What it’s about
The subtitle says it all: “The tree that inspired a nation, created our national park system, and changed the way we think about nature.” In this book, William Tweed is making some big claims about King Sequoia (a term borrowed from John Muir), and he does a good job of supporting them. Starting with the “discovery” of giant sequoias by Euro-Americans in the 1840s, he deftly traces the human-tree interaction through time and space.
First viewed as curiosities, early entrepreneurs stripped the trees of their bark, shipped them to places like San Francisco and New York, and reconstructed them for paying visitors. As settlers moved into California, a tourist industry built around big tree viewing came into existence near Yosemite Valley. This became the foundation for the eventual preservation of the Mariposa Grove in the Yosemite Grant of 1864, which influenced the creation of the beloved national park in 1890. Sequoias were integral to the land grant, not an afterthought as is sometimes assumed, and Muir shows up as an early, eloquent champion. Tweed traces the trees as objects of art and science, tourism and lumber, and ends with a discussion of current challenges, including climate change, air pollution, and ecological isolation.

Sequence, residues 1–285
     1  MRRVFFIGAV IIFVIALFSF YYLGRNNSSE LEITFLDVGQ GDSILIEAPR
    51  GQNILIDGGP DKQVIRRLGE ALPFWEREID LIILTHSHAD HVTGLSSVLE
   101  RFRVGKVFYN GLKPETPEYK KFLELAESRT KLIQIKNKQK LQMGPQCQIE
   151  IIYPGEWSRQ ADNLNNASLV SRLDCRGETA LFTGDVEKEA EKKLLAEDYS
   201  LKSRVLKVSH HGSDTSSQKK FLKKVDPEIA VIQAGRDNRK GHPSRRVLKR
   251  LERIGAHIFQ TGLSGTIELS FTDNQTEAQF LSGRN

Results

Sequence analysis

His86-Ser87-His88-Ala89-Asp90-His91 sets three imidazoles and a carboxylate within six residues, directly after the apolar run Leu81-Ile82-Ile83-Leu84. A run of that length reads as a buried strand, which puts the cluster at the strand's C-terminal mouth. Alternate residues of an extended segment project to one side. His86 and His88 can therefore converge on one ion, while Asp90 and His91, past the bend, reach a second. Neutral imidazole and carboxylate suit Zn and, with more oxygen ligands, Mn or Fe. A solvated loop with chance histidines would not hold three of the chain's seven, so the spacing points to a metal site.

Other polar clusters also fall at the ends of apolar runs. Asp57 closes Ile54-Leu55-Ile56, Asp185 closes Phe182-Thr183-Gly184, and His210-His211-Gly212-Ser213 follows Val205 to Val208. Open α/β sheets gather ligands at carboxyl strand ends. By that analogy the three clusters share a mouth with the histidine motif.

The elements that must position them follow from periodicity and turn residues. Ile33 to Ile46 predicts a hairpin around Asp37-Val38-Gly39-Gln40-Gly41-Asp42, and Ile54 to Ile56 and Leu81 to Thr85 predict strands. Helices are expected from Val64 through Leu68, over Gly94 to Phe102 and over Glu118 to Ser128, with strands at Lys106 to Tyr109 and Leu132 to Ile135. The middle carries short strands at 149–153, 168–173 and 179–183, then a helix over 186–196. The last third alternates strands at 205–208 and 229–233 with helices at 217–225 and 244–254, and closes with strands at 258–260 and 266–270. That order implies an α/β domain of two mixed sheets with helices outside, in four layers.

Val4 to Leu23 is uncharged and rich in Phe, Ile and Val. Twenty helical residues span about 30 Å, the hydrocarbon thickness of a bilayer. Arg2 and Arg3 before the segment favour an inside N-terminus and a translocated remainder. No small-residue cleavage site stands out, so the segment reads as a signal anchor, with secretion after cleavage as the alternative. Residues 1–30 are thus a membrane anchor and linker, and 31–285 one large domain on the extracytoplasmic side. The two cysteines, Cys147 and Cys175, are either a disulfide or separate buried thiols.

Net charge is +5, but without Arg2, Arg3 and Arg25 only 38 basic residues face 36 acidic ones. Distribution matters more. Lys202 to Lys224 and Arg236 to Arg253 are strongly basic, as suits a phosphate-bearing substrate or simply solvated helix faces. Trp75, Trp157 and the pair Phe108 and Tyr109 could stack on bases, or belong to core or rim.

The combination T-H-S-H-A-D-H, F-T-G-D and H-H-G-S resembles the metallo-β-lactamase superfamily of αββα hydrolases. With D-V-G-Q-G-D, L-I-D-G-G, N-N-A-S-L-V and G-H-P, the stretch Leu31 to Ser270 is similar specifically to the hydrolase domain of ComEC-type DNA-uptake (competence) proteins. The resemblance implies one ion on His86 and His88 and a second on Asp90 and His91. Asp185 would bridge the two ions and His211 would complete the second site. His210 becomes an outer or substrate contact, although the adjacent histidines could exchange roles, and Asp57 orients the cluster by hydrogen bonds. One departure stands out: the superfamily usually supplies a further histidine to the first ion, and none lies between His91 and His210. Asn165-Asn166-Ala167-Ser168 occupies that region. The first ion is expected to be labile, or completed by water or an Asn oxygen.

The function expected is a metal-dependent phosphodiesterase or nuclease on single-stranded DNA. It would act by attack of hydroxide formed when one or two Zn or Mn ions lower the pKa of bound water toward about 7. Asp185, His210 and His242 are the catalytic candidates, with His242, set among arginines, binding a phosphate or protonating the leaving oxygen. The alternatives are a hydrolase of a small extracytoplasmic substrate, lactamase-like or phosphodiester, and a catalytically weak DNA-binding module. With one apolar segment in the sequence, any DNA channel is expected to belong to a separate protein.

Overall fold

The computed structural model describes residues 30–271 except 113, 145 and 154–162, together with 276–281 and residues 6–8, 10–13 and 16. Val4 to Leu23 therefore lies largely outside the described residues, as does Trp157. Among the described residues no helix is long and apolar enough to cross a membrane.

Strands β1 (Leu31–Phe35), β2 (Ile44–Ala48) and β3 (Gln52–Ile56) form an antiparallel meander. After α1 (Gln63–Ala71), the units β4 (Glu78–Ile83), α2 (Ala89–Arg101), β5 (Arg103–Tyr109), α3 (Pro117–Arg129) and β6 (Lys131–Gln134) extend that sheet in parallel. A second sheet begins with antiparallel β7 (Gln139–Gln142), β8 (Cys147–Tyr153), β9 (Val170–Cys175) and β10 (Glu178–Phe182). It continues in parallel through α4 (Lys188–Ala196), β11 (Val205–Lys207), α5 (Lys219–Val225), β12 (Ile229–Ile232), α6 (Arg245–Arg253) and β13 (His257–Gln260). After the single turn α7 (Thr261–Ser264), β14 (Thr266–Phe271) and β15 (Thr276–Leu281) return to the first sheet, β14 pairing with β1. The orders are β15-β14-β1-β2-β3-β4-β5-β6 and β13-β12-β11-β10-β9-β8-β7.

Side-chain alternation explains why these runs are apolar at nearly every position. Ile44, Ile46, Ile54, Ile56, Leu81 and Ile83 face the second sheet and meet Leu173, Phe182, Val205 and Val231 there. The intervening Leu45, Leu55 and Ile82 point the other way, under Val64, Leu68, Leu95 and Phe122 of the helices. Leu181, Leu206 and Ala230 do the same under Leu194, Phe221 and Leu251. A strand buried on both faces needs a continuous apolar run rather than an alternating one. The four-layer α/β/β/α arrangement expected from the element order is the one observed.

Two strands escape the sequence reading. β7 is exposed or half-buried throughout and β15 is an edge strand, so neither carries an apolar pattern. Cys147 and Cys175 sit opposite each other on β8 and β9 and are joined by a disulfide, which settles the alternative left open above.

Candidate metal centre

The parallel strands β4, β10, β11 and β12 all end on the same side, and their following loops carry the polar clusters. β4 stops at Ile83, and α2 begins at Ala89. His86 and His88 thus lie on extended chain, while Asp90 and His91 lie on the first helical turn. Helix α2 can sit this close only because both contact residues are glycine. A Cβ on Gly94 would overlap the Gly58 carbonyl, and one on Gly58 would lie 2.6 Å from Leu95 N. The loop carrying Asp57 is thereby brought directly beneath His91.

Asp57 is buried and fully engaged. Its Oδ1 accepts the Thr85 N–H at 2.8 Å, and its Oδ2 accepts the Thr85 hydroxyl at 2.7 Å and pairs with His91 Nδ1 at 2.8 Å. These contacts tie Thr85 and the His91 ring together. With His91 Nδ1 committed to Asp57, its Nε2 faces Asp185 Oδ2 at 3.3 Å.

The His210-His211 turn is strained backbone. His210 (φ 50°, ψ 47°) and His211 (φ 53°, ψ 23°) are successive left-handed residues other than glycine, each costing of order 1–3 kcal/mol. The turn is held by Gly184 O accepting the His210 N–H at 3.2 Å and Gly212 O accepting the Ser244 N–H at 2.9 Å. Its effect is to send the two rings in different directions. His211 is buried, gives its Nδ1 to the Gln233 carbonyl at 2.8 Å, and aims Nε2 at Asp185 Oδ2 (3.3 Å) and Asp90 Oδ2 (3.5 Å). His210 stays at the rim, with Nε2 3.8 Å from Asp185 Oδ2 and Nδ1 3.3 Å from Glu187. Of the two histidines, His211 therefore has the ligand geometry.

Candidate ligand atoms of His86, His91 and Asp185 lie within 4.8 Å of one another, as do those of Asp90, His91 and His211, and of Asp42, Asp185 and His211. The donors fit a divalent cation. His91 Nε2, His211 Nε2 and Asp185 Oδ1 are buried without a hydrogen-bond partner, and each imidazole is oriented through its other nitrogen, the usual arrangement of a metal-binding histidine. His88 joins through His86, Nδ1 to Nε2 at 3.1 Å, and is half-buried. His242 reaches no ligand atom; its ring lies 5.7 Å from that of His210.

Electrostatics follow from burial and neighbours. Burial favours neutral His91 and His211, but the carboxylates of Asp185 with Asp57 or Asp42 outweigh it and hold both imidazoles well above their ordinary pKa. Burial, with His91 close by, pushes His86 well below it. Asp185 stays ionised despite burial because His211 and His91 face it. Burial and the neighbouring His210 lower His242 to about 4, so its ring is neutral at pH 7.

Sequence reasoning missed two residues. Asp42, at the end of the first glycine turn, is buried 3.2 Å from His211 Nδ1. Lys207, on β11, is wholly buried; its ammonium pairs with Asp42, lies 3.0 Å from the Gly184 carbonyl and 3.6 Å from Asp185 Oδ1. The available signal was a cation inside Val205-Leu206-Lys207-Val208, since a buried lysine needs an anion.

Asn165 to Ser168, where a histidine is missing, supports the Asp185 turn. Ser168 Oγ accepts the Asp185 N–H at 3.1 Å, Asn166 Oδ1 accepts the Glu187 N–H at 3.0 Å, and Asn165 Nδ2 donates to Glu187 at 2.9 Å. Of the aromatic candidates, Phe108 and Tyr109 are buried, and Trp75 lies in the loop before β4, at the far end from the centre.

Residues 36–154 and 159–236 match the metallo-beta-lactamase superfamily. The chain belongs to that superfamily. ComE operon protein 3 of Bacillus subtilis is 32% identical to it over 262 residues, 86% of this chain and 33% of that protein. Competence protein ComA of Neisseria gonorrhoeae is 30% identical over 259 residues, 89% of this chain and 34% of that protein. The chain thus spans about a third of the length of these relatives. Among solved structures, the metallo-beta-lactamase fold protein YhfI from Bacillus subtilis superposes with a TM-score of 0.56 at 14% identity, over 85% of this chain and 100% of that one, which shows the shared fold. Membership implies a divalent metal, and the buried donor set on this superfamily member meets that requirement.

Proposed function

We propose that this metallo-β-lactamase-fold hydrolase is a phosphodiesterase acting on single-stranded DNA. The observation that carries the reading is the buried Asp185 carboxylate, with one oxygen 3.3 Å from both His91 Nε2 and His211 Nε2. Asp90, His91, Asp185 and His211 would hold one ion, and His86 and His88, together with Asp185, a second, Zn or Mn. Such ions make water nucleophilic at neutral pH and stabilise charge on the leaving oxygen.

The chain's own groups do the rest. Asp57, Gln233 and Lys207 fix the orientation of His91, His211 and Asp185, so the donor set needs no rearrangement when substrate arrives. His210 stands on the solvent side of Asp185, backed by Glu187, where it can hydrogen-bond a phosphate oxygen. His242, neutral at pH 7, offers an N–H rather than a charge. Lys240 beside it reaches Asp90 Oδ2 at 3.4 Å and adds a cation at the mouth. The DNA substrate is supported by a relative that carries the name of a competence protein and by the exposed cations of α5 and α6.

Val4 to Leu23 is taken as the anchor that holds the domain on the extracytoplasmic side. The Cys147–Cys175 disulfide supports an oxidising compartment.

What I liked
Tweed anchors each chapter with a personal anecdote garnered during his research. He traveled north to south through the sequoia belt, visiting both popular and lesser-known groves, and his affection and respect for the trees is evident. A longtime naturalist, historian, and ranger at a number of parks, including Sequoia-Kings Canyon National Park, Tweed’s expertise shines through, but his tone is approachable. I’d love to visit some of these places with Tweed as my guide. His history of the sequoias doesn’t shy away from complexity, but he navigates it clearly and absorbingly. Photos sprinkled throughout do a good job explicating the narrative.
“The King tree and I have sworn eternal love — sworn it without swearing, and I’ve taken the sacrament with the Douglas squirrel, drunk Sequoia wine, Sequoia blood, and with its rosy purple drops I am writing this woodsy gospel letter.” — (John Muir quote ca. 1870)
“For the American national park system, 1890 was a key year. …The efforts of a handful of Californians brought to life the idea of a national park system, and in this development, the charismatic giant sequoias played a highly significant role.”
“If one allows one’s senses free reign to dream just a bit, it is possible to gain here a sense of what early-twentieth-century tourism felt like. That’s why I have come — to capture something of that now-remote era when Sierra Nevada tourism moved to a new level of accessibility and comfort, and the Big Trees played muse to a generation of artists, writes, scientists, and, yes, recreational tourists.”